I’ve hesitated over whether to include this last shot in what is essentially a light-hearted post. But this photo – not a particularly original one as so many others have taken similar shots – has stayed with me. It’s Auschwitz-Birkenau concentration camp in Poland. These are the railway lines that brought so many thousands of Jews on their very last journey. I wrote about it here.

I decided on balance to include it, as the relative optimism I felt when I wrote that post five years ago has disappeared in the light of world events over the last couple of years: and we shouldn’t forget.

Author: margaret21

I'm retired and living in North Yorkshire, where I walk as often as I can, write, volunteer, and travel as often as I can.

62 thoughts on “What have diagonal lines ever done for me?”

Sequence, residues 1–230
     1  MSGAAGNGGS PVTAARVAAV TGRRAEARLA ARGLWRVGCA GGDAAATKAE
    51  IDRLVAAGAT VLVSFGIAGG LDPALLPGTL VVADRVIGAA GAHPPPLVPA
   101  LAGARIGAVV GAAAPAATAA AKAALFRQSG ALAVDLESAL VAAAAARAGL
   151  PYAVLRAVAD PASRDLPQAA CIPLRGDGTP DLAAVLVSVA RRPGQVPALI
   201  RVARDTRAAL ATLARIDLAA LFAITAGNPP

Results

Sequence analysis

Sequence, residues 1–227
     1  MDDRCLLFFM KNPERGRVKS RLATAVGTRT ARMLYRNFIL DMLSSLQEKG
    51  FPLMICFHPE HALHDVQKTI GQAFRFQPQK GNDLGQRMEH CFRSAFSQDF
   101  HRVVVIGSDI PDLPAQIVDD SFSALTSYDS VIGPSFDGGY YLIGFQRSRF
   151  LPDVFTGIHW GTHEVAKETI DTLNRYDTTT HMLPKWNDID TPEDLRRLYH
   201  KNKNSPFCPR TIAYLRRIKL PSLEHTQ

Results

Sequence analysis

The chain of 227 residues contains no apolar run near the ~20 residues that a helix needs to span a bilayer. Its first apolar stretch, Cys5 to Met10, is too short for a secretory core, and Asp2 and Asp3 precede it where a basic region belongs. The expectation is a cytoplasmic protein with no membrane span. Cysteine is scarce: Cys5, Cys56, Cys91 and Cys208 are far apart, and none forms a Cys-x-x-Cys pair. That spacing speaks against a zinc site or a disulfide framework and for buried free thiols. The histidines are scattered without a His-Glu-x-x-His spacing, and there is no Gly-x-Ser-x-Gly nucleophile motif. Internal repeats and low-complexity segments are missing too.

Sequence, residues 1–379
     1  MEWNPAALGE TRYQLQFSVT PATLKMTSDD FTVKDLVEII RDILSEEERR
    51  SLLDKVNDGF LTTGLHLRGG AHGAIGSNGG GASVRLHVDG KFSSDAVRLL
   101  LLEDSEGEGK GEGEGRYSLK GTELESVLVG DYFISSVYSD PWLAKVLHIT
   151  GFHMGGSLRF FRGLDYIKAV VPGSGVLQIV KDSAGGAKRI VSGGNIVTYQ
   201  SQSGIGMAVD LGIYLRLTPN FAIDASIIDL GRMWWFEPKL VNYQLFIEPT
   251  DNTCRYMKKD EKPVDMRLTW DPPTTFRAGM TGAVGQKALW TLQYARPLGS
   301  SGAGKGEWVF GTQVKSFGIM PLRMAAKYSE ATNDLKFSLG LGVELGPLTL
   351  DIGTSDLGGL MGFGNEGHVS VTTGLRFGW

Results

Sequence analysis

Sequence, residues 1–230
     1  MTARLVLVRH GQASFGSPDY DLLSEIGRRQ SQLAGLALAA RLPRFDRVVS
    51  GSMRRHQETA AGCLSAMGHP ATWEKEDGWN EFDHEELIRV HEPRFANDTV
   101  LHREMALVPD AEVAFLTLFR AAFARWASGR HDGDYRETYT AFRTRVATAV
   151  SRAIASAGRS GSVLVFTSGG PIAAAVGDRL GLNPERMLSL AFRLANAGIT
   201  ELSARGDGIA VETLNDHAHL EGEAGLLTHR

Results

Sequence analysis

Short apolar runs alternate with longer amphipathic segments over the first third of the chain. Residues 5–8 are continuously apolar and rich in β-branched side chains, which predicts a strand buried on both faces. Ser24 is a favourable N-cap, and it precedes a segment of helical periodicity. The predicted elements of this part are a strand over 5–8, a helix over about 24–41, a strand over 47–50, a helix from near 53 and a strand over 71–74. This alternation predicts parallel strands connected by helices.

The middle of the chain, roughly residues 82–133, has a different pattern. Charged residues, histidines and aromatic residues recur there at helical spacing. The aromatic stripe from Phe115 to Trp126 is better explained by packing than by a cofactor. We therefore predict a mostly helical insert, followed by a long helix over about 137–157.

1. Great images Margaret… love the black and white one… and the reflection. The last image reflects how cruel and murderous mankind can be. Those train tracks are haunting. A time which should be taught in all schools… so that we never go back to those terms.

    Liked by 2 people

      1. That is good… educating children about the atrocities that happened in these camps, and why we should never allow it to happen again is a good thing.

        Liked by 1 person

  2. Well, my snapshotist friend, you have found some great diagonals! Love your tree in the second image, the rippled sand at Alnwick and those Spanish images…

    Liked by 1 person

  3. Those rays between the trees… a stunning picture.